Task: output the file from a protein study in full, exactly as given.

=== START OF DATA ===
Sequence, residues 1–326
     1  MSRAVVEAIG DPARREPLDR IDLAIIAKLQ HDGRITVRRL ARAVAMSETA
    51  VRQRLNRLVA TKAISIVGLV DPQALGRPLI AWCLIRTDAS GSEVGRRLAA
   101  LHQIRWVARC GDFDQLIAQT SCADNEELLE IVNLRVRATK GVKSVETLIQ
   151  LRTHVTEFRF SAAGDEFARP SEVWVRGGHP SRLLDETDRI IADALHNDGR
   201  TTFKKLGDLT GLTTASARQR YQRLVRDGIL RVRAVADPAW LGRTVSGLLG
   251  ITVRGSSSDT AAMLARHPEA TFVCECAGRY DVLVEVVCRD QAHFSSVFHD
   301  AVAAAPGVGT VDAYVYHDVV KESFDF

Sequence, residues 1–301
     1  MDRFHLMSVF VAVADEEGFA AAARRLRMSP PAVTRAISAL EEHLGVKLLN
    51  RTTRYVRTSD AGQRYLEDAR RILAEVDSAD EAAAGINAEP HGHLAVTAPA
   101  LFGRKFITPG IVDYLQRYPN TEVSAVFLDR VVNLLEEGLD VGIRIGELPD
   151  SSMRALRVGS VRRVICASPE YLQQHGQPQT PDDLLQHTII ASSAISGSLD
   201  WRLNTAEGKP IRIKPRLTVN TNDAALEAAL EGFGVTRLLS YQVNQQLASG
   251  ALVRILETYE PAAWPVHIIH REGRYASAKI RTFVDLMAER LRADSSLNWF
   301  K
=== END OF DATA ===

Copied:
Sequence, residues 1–326
     1  MSRAVVEAIG DPARREPLDR IDLAIIAKLQ HDGRITVRRL ARAVAMSETA
    51  VRQRLNRLVA TKAISIVGLV DPQALGRPLI AWCLIRTDAS GSEVGRRLAA
   101  LHQIRWVARC GDFDQLIAQT SCADNEELLE IVNLRVRATK GVKSVETLIQ
   151  LRTHVTEFRF SAAGDEFARP SEVWVRGGHP SRLLDETDRI IADALHNDGR
   201  TTFKKLGDLT GLTTASARQR YQRLVRDGIL RVRAVADPAW LGRTVSGLLG
   251  ITVRGSSSDT AAMLARHPEA TFVCECAGRY DVLVEVVCRD QAHFSSVFHD
   301  AVAAAPGVGT VDAYVYHDVV KESFDF

Sequence, residues 1–301
     1  MDRFHLMSVF VAVADEEGFA AAARRLRMSP PAVTRAISAL EEHLGVKLLN
    51  RTTRYVRTSD AGQRYLEDAR RILAEVDSAD EAAAGINAEP HGHLAVTAPA
   101  LFGRKFITPG IVDYLQRYPN TEVSAVFLDR VVNLLEEGLD VGIRIGELPD
   151  SSMRALRVGS VRRVICASPE YLQQHGQPQT PDDLLQHTII ASSAISGSLD
   201  WRLNTAEGKP IRIKPRLTVN TNDAALEAAL EGFGVTRLLS YQVNQQLASG
   251  ALVRILETYE PAAWPVHIIH REGRYASAKI RTFVDLMAER LRADSSLNWF
   301  K